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Document Creation Date: 
December 19, 2016
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August 12, 2005
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November 9, 1978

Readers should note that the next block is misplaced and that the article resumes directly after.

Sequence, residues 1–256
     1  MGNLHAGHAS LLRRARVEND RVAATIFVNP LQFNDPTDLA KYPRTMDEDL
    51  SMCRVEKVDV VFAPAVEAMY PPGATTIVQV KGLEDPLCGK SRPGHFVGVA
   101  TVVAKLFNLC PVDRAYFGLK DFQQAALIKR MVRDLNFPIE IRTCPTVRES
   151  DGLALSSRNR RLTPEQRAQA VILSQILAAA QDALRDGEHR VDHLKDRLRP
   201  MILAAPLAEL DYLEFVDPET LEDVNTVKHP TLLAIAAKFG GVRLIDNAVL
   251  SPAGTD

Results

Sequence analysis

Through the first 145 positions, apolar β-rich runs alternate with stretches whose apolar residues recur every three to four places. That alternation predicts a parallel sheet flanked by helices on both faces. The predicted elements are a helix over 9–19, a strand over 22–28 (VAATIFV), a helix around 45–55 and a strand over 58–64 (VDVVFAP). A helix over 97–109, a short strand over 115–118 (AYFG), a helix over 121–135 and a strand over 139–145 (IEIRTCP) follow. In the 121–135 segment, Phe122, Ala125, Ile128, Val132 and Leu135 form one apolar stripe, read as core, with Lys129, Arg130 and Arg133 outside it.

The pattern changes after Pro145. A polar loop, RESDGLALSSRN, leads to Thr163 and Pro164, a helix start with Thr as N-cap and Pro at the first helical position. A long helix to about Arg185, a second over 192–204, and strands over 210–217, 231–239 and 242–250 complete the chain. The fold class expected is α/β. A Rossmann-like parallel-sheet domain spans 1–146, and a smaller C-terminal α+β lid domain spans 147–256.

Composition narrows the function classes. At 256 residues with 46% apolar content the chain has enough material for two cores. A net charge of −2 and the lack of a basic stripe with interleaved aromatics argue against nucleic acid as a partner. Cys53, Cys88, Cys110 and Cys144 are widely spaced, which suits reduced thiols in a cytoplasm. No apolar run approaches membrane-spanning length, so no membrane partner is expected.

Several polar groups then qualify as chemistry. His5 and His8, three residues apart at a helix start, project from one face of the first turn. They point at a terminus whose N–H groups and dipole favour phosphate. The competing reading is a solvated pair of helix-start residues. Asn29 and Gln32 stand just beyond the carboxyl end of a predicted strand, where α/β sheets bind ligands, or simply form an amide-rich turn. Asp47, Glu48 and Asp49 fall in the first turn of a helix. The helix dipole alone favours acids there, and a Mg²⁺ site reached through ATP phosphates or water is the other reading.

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FV AV AdIF AV AV AIV AIV AIV AV AV Apr 0 0 1 TO: NAME AN A DRESS DATE INITIALS AppWdfqMU Release 2005108117, DISPATCH RECOMMENDATION -- - I I i COMMENT FILE RETURN CONCURRENCE INFORMATION SIGNATURE REMARKS: FROM: NAME, ADDRESS, AND PHONE NO. CIA-RDP79T00975A0309 f 001po 6 6 t 2 19 (Security Classification) Access to this document will be restricted to those approved for the following specific activities: Thursday 9 November 1978 CG NIDC 78/262 L 25X1 NATIONAL SECURITY INFORMATION Unauthorized Disclosure Subject to Criminal Sanctions Top Secret 0 0 0 1 (Security Classification Approved For Release 2005/08/17 : CIA-RDP79T00975AO3 90001 Ubb-b -1 25X1 Approved For Release 2005/08/17 : CIA-RDP79T00975AO30900010066-6 Approved For Release 2005/08/17 : CIA-RDP79T00975AO30900010066-6 Approved For 25X1 National Intelligence Daily Cable for Thursday, 9 November 1978. The NID Cable is or a purpose or i-nzormay senior UT-officials. IRAN: Political Situation Report Page 1 USSR-IRAN: Political Relationship Page 2 ARGENTINA: Government in Disarray Page 3 UGANDA-TANZANIA: Ending the Impasse Page .4 LIBYA: Economic Aid to LDCs Page 5 Approved Fair Release 2005/08/17 : CIA-RDP79T009754 030900010066-6 Approved For Rel base 2005/08/17: CIA-RDP79T00975A0 IRAN: Political Situation Report //Tehran continues to be calm as troops from ou yznq garrisons in Iran patrol the streets. Iran's military leaders are more confident of the dependabiLtty of the Army rank and file following the adverse reaction by the troops to the widespread destruction caused by the Approved For Rellease 2005/08/17 : CIA-RDP79T00971AO30900010066-6 25X1 25X1 25X1 Approved For F elease 2005/08/17 : CIA-RDP79T00975,p030900010066-6 25X1 USSR-IRAN: Political Relationship I I Neither the USSR nor any other foreign power appears to be omentinq or encouraging the current disturbances in Iran. The Soviets, nevertheless, are now acknowledging publicly that the Shah's position has become precarious and are becoming some- what more sympathetic toward the demonstrators. The Soviets probably would not serve their interests by becoming actively involved against the Shah. Antagonizing the Iranian leadership would presumably threaten considerable Soviet economic interests in Iran as well as the serviceable political relationship that exists between Iran and the USSR. Moscow's restraint thus far is particularly evident in the So- viet media's careful treatment of the Shah and his opponents as well as their infrequent replay and neutral handling of statements by Iran's outlawed Communist Party. I I On balance, however, the USSR's public commentary that it has made a reassessment of the Shah's staying power and has downgraded its appraisal of his chances of sur- vival. Soviet media treatment of the disturbances in Iran is not nearly so circumspect as it has been during the past year. The weekly Literary Gazette has raised the prospect of a mili- tary coup, and during the past week Pravda treated Iran's in- fluential leftist National Front more favorably than usual. Previous Soviet commentary has not tried to discriminate among the various groups opposing the Shah. The Soviets perceive that the removal of the Shah would weaken Iran's ability to thwart Soviet objectives in the Persian Gulf and Mediterranean regions. Soviet interests, for example, would be served by Israel's increased political isola- tion in the area as well as a possible weakening of Oman's po- sition in any renewal of hostilities with South Yemen--two de- velopments which could result from the Shah's loss of power. Approved ForiRelease 2005/08/17 : CIA-RDP79T00975A0309g0010066-6 25X1 25X1 Approved For Release 2005/08/17 : CIA-RDP79T00975Ab30900010066-6 25X1 For these reasons, the Soviets might eventually be tempted to assist dissidents in Iran if they perceived that the Shah was in real danger of being overthrown. The USSR's primary concern in such an event would be to try to make certain that the Shah was replaced by a more leftist--rather than rightist--regime. ARGENTINA: Government in Disarray //Regardless of how Argentina deals with Chile in its e or s to negotiate a settlement of the Beagle Channel dispute, the issue has focused domestic attention on the in- efficiency of President VideZa's system of consensus government. Conservative military leaders, who have Zong criticized Videla's moderate and conciliatory style, now appear to be gaining ground at the President's expense.// //Official embarrasment over the handling of the Beagle C annel affair has increasingly divided the Argen- tine Government and prevented it from deciding on its next move. Since the bilateral commission reached an impasse on 2 November, both nations have maintained their military forces in a high state of readiness. While no hostile moves have occurred in the past few days, both sides are still seriously concerned over the possibility of an armed confrontation. //Many senior Argentine officers see the present system of government--in which Videla is supposed to share power with the military -junta--as unworkable. //The recent cabinet shuffle--in which Videla failed to make good on his promise to appoint prominent civil- ians to top posts--provides fresh evidence of his inability to assert his authority. Approved For Release 2005/08/17 : CIA-RDP79T0097 25X1 25X1 25X1 Approved ForiRelease 2005/08/17 : CIA-RDP79T00915A030900010066-6 //At this point, the disarray in Buenos Aires is seriously complicating the development of a politically accept- able compromise to the Beagle Channel dispute. Even if both governments agree to further negotiations, the long-term pects for resolution of the basic differences remain poor. I 25X1 UGANDA-TANZANIA: Ending the Impasse Ugandan President Amin has taken a first step toward ending t e military impasse on the Tanzanian border. He declared to an assembly of foreign diplomats and senior Ugandan officials in Kampala yesterday that he would withdraw his forces to the recognized border if he were guaranteed that Tanzania would never again invade Uganda and would prevent Ugandan exiles in that country from engaging in subversive activities against his regime. I lAmin's initiative apparently was in response to the e or s o the organization of African Unity and several in- dividual African countries to get the contending parties to negotiate. Amin again claimed that Uganda had been forced to seek a secure natural boundary along the Kagera River because Tanzania has encouraged and assisted Ugandan exiles to engage in subversive activities in Uganda. E Tanzanian President Nyerere apparently believes the international community, which in the past has vilified Amin on moral and humane grounds, supports his condemnation of the 25X1 Approved For (Release 2005/08/17 : CIA-RDP79T00975A0P0900010066-6 Approved Fo Ugandan President's actions and will help redress Tanzania's grievances. Amin's conditions for withdrawal are likely to be unacceptable to Dar es Salaam at this time, but his offer may encourage further diplomatic efforts to end the current con- tention. LIBYA: Economic Aid to LDCs //Libya is significantly increasing its economic a2 to e' oping countries both to advance its foreign poZiti- cal aims and to meet domestic economic needs. Libya's disburse- ments to Third World governments and multilateral aid institu- tions will rise to about $300 million this year from about $130 million in 1976 and just under $200 million in 1977. This in- crease in aid will place Libya fourth among aid donors from the Organization of Petroleum Exporting Countries.// I //The Libyans continue to give much of their economic assistance to revolutionary and socialist countries with whom Tripoli feels an ideological affinity. Included in this group are Angola, Congo, Ethiopia, Guinea, South Yemen, and Syria.// Libya also has supplied considerable amounts of aid to a select group of developing countries in order to expand its political influence--sometimes at the expense of Western in- terests--or to facilitate its economic develo ment. //Libya's efforts to buy political influence have requen y peen poorly conceived and therefore unsuccess- ful. Its courtship of the "progressive" government of Ethiopia, for example, earned it the unwanted label of Soviet surrogate 25X1 Approved Fort Release 2005/08/17 : CIA-RDP79T0097AA030900010066-6 Approved in the Ethiopian-Somalia dispute and put the Libyans in the awkward position of undermining fellow Muslims in Ethiopia's 25X1- 25X1 Approved ForiRelease 2005/08/17 : CIA-RDP79T00975AO30900010066-6 I Air Air Air Air Air Air AV AV AV AA- Approved For Release 2005/08/17 : CIA-RDP79T00975AO30900010066-6 0 Top Secret (Security Classification) 0 .0 O 0 0 0 Top Secret (Security N oRr Release 2005/08/17 : CIA-RDP79T00975AO30900010066-6 J 0 Iddw 'Aw IAW Iddw IAW IAW IAW Adw 'Awr